Songs for Glass Island: An entire concert on instruments made of glass

Victoria’s Experimental Music Unit — Paul Walde, Tina Pearson and George Tzanetakis — collaborating with Camille Norment, an American-Norwegian artist, are presenting to audiences in Victoria and Vancouver a performance called Songs for Glass Island. Equal parts experimental music and sound art, Songs for Glass Island will see the four performers surrounded by, and interacting with, a sprawling assortment of glass objects and instruments —some of which were devised by the musicians themselves.

Five of the instruments that will be played by Victoria's Experimental Music Unit with Camille Norment

Camille Norment (centre) with Experimental Music Unit members Paul Walde (left), George Tzanetakis and Tina Pearson (right). (Hollis Roberts)

Starting tonight, a group of experimental musicians in B.C. will give a series of performances using instruments and objects made solely from glass.

The project sees three musicians from Victoria's Experimental Music Unit — Paul Walde, Tina Pearson and George Tzanetakis — collaborating with Camille Norment, an American-Norwegian artist known for her skills on the glass armonica (more on that strange instrument later).

Currently, they are experimenting with the various tones, harmonics and frequencies can be produced from glass, and the results will be presented to audiences in Victoria and Vancouver in the form of a performance called Songs for Glass Island.

Equal parts experimental music and sound art, Songs for Glass Island will see the four performers surrounded by, and interacting with, a sprawling assortment of glass objects and instruments —some of which were devised by the musicians themselves.

"Glass is a crazy thing," says Tina Pearson of the Experimental Music Unit. "It creates a really mesmerizing sound world."

The musicians described for CBC Arts five types of glass instruments they will be using, or even creating, for the show:

1. Glass flutes

A Japanese musician performs with a traditional "shinobue" transverse flute made out of glass. (Kim Kyung-Hoon/Reuters)

These will include a premade Hall crystal flute and a custom-built replica of a kaval, a wooden flute traditionally played in areas such as Bulgaria, Turkey and northern Greece. The latter was created by a scientific glass blower who created holes in a glass tube — in the precise spots you'd find them on a wooden kaval — by melting the glass. Musician George Tzanetakis describes the sound as similar to a wooden kaval, but "more clear."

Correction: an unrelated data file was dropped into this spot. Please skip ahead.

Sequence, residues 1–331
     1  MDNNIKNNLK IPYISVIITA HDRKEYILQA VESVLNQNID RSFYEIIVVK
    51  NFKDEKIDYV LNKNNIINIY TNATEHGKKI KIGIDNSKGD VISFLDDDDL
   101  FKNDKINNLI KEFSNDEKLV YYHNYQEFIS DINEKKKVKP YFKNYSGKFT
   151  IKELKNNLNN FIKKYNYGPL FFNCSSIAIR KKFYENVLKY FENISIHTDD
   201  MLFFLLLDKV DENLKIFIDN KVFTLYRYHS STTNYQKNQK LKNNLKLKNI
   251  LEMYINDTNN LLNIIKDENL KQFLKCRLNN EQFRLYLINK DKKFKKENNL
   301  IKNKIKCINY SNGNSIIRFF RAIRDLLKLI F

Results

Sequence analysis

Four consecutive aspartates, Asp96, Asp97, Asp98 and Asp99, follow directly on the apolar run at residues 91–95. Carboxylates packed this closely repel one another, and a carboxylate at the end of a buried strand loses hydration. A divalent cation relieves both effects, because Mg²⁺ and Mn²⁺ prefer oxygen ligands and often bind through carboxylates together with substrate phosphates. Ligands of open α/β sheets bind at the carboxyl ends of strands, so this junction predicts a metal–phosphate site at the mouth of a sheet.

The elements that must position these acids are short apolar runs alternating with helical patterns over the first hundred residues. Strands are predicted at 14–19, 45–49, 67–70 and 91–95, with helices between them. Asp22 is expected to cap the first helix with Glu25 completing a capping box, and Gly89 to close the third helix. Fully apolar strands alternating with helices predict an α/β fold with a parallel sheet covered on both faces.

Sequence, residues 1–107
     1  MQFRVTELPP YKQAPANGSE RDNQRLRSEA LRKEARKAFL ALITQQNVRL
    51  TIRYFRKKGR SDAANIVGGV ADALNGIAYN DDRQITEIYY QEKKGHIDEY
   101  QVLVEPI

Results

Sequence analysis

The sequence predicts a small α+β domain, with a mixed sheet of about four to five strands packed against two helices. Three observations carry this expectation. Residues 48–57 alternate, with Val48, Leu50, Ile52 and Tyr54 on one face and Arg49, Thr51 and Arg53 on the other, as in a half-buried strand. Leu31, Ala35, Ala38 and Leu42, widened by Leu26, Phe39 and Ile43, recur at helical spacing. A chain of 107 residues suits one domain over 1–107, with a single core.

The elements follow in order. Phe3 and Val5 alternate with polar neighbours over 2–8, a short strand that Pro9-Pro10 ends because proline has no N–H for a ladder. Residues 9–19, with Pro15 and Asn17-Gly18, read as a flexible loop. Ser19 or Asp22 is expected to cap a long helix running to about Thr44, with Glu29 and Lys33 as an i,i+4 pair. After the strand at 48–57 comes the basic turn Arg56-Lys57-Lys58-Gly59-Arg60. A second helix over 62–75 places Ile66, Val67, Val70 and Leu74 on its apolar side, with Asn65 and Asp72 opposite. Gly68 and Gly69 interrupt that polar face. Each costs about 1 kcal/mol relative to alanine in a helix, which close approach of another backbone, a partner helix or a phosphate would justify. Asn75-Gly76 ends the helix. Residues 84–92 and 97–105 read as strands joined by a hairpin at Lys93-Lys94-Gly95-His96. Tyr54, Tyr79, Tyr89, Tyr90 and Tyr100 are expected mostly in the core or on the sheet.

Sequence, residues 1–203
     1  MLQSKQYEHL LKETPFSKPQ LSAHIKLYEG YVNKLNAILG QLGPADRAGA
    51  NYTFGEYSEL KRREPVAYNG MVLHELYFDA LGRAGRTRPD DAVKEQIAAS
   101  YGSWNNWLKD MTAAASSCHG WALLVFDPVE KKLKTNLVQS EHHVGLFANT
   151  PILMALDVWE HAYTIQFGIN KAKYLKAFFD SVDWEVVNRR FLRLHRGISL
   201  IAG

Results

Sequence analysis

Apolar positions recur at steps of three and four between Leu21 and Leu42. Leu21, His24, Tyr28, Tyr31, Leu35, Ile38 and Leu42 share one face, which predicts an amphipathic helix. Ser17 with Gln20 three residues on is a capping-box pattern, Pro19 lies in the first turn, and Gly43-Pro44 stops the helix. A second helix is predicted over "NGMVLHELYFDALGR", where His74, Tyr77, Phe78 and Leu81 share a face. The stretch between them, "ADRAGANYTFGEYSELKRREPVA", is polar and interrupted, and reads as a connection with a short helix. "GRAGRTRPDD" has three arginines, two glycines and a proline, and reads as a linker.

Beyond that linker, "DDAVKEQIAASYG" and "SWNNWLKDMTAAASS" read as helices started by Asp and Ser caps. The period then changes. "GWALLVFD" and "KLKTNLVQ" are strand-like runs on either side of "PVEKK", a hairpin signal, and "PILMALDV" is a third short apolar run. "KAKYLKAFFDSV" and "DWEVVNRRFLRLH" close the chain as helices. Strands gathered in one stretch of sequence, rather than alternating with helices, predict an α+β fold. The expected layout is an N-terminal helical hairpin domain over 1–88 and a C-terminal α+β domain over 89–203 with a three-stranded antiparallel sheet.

2. Glass sheets 

(Paul Walde)

The musicians will have three repurposed sheets of glass of varying sizes at their disposal. All of them will be equipped with a contact microphone, a special type of microphone that captures audio signals created by solid objects, to amplify sounds when the sheets are rubbed or struck. One of the sheets, repurposed from a patio table, will be circular and mounted horizontally to be played as a giant "turntable." Musician Paul Walde will walk around it using a drumstick as a "stylus" to create what he describes as a "crystalline screeching sound."

3. Broken glass

(Paul Walde)

"We're looking at making as many different textures as we can find, and that's our palette," Pearson says. Part of that palette will be created with broken glass, which can be manipulated and made to vibrate in various ways. Musicians could, for example, put broken glass in a goblet and swish it around, or simply grate pieces of glass together.

4. Glass armonica

Camille Norment's glass armonica. (Magne Risnes)

This will be the ensemble's most, er, conventional instrument. Probably Benjamin Franklin's niftiest invention —sorry, bifocals — the glass armonica (spelling is correct — no "h") is essentially a series of concentric glass bowls on a rotating rod. The performer touches the moving glass with wet fingers, releasing a chorus of spectral tones.

Mozart wrote a song for it, and it makes an appearance on Tom Waits' "Rainbirds." Its popularity waned in the 19th century, due in part to an eerie rumour that it causes insanity. "Reading into the history, I fell in love with it," says armonica player Camille Norment. "It has a very potent, visceral sound."

5. Glass harp

(Paul Walde)

A precursor to the glass armonica, a glass harp isn't an instrument per se — it's literally a collection of crystal wine glasses (6 to 12, in this case) filled with varying amounts of water. Traditionally, the glasses are rubbed with a wet finger to produce harmonics. In addition to the glass harp, the musicians will also use large glass vessels — such as bowls and vases — which operate on a similar principle. A large glass vessel sounds curiously similar to a cello.

Songs from Glass Island shows at the Art Gallery of Greater Victoria on April 7, 7 p.m., and on April 8, 1 p.m. It also shows in Vancouver on April 9, 7 p.m., hosted by theContemporary Art Gallery at Pyatt Hall, VSO School of Music. $16 from https://www.picatic.com/CAGglass.

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